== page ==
Aone Titanium Metal Materials
Titanium is known for its strength to weight ratio, resistance to high temperatures, and lustrous metallic white color. It is 60% denser than aluminum and twice as strong. It is also resistant to corrosion in saltwater. These physical properties make titanium especially useful for aircrafts, space crafts and missiles. During the 1950s through to the cold war titanium was considered a strategic material. The U.S. department of Defense still uses titanium heavily but the production of it has decreased significantly.
Titanium has also been incredibly useful in the health industry! It is the only metal that can physically bond with bone without the use of an adhesive. It is also able to withstand the harsh body environment due to its resistance to corrosion and it is non-toxic. Titanium implants have a wide array of usage from dental implants, hip and joint replacement, to pacemakers. Its unique biocompatibility is life changing for some while others may enjoy the uses of titanium without even noticing.
Titanium’s strength and durability is commonly used in automotive applications. It can be too expensive for the everyday vehicle but present in high-end or racing vehicles. It is also used in luxury sporting goods such as golf clubs, tennis rackets, or bicycles because of its strength and lightweight. Small amounts of titanium can also be alloyed with gold improving its hardness.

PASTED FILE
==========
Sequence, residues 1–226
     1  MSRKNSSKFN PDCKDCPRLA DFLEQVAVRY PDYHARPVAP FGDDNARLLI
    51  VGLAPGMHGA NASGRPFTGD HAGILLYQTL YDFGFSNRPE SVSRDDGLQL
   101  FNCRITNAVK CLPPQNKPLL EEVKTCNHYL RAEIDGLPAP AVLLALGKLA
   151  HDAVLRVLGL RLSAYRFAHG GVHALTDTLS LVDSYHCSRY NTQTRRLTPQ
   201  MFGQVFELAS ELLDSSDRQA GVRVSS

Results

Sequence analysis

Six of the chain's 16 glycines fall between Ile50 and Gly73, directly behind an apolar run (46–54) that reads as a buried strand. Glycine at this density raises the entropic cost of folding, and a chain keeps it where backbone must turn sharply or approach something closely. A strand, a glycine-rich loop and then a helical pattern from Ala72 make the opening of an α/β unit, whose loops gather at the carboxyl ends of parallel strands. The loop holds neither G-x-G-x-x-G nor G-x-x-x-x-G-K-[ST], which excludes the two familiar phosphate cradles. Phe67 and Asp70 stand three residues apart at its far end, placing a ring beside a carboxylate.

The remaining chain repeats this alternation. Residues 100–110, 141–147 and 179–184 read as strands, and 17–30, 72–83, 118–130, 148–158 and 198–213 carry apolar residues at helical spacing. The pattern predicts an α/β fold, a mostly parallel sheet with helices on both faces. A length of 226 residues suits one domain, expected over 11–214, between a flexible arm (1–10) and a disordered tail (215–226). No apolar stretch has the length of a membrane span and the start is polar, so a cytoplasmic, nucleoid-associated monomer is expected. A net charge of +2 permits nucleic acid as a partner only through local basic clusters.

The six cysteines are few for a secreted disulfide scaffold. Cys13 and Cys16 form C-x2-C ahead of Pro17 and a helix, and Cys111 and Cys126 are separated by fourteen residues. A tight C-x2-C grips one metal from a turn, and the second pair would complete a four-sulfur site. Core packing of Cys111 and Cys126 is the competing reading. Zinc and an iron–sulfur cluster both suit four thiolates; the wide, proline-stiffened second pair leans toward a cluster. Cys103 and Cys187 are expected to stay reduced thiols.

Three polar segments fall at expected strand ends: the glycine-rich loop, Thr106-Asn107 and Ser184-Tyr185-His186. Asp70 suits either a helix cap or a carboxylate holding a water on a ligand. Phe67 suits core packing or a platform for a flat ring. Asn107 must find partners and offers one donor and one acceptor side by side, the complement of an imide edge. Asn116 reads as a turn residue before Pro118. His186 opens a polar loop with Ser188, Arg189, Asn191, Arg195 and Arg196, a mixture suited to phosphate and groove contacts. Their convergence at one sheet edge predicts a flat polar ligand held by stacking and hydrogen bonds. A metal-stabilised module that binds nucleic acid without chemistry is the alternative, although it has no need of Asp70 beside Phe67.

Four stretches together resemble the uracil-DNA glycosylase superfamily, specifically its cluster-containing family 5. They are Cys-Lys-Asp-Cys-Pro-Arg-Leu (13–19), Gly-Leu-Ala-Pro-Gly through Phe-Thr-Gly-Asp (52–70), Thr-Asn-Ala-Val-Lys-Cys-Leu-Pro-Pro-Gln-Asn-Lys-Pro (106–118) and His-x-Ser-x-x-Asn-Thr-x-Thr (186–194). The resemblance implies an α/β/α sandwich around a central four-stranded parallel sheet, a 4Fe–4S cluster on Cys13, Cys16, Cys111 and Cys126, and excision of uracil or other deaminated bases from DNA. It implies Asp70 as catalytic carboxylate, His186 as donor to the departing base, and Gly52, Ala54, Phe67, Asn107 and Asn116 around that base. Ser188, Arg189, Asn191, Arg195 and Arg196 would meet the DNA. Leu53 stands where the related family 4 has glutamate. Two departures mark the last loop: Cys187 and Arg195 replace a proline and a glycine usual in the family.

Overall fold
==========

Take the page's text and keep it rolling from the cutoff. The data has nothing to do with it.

Titanium dioxide (TiO2) is a naturally occurring oxide (a chemical compound that contains at least one oxygen atom and one other element) that can be found in a many minerals such as ilmenite. This particular mineral also contains iron oxide to extract the titanium dioxide a chemical process must occur to reduce the iron oxide and separate the titanium dioxide. TiO2 has a very bright, white pigment that is useful for products such as paints, papers, plastics, foods and even toothpaste! It also has a very high refraction index making it a common active ingredient in sunscreen since it prevents UVs from penetrating the skin. It can also be found in cosmetics due to its pearlescent effect. The uses for titanium are as abundant as the element itself. As the ninth most abundant element on the planet we have found a multitude of applications that enhance our everyday lives.
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